Event organizer

A local festival organizer shares strategies for success

In the ten years since its founding, the membership ranks of Sault Pride have grown immeasurably.

The group, which aspires to unite and empower people of diverse sexual orientations, gender identities and gender expressions, started small in 2011 when Teddy Syrette won a Downtown Sault Ste. Marie competition and funding to create a new organization that would serve to bring together and support the city’s LGBTQ community.

Syrette’s vision at the time was to create safe spaces for all gay people and foster a supportive environment for the community.

It really took off when the band held their first Pridewhich was essentially a protest against then-Mayor Debbie Amaroso’s refusal to fly a pride flag in support of gay, lesbian and trans athletes competing in the 2014 Sochi Olympics.

“I know we kind of criticized Debbie but, really, I think she just misinterpreted or went too far in her interpretation of the laws on this in 2014,” said Sault Pride President Susan. Rajamaki.

Amaroso has since shown his support for the community by becoming a celebrating the wedding.

“We soon realized that two days was not enough,” Rajamaki said. “We went to a seven-day festival and it was very popular.”

She attributes the group’s success to its inclusiveness, both within its leadership team and among its participants.

“We have a team made up of all the strong personalities, but they come together to work towards a common goal,” Rajamaki said.

This goal is to organize events and activities that create safe spaces for LGBTQ people to support each other and just have fun being themselves.

For Rajamaki, it all started well over 10 years ago.

“Growing up in the Sault and dating Sir James Dunn in the late 70s and early 80s, I didn’t feel like I could be myself,” she said. “I realized at a very young age that I was queer, but I didn’t feel like it was safe to tell anyone how I felt. I felt like I had to keep the secret.”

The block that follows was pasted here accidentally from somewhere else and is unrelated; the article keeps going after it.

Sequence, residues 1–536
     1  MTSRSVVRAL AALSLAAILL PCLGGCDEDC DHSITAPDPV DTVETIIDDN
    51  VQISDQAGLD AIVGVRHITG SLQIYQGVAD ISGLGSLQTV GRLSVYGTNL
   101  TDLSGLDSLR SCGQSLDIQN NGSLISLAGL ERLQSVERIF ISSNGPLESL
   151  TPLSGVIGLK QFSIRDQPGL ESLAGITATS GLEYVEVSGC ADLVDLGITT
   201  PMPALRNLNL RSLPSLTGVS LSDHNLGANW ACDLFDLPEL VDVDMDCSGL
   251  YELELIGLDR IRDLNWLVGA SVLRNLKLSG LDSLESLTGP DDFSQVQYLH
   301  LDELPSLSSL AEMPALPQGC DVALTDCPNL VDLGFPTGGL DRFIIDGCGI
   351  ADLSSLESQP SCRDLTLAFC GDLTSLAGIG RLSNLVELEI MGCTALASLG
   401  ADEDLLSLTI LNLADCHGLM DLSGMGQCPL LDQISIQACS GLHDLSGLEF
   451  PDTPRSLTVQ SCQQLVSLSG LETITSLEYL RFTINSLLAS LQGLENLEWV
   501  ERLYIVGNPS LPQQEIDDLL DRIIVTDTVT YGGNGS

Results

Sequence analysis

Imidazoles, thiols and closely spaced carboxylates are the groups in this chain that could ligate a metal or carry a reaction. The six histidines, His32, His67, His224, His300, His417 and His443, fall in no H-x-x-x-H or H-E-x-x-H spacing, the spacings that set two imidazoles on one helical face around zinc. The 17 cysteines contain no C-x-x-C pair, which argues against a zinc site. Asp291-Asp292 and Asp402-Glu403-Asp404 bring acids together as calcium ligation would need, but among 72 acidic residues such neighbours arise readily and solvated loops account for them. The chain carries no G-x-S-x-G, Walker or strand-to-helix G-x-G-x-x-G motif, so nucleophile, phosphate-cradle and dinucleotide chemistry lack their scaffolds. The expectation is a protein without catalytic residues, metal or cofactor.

When Rajamaki graduated from high school and moved to Toronto to pursue her post-secondary education, she also came out of the “closet”.

“I joined the pride organization in Toronto,” she said. “There I participated in and then helped organize pride events like the Pride Parade.”

When her mother’s failing health brought her back to the Sault some 20 years ago, she was determined to make sure other young gay men didn’t feel like they had to hide who they were.

She joined Jeremy Nadon, Murray Carson and Bob Goddere (known in the community as “Mother Goddere”) to form Algoma Pride and organize queer friendly events across the city.

“When Murray died, Algoma Pride basically died with him,” she said.

But Syrette revived it with a new name and Rajamaki got involved again. Eventually, Syrette continued to do other things and find other ways to serve the queer community, and Rajamaki was elected president of Sault Pride.

She said that even during the pandemic, when public health safety measures prevented gatherings, membership in the group was maintained thanks to social media and virtual meetings.

The return of Pridefest to Sault Ste. Marie this summer was a huge success with hundreds of people coming out to celebrate Pride, renew friendships and enjoy each other’s company.

When an organization is so tightly event-based, Rajamaki said it’s critical that leaders regularly review how events work and what changes could be made.

“Everyone has a say,” she said. “They all have something to contribute.”

After each event, the group comes together to review what worked, what didn’t, and what they could do to improve the next one.

As chairwoman, Rajamaki said her most important role is to ensure that group members remain respectful of each other’s sometimes very divergent viewpoints.

That, she says, is the secret to success — balancing strong and very different personalities through respectful discussion. The best way to do this is to make sure everyone is heard and feels like they have a voice, but maintains a respectful dialogue.

“Sometimes you just have to step back and let them sort it out, but if they start to get personal or mean, I might have to step in,” she said.

But the group would go nowhere without the drive and drive of the strong personalities leading it, she added.

As successful as Pridefest 2022 has been, the group is already meeting and planning new and different events to add in 2023 and seeing how they can change the events they plan to continue to keep relevant, fresh and interesting for the LGBTQ community and his allies.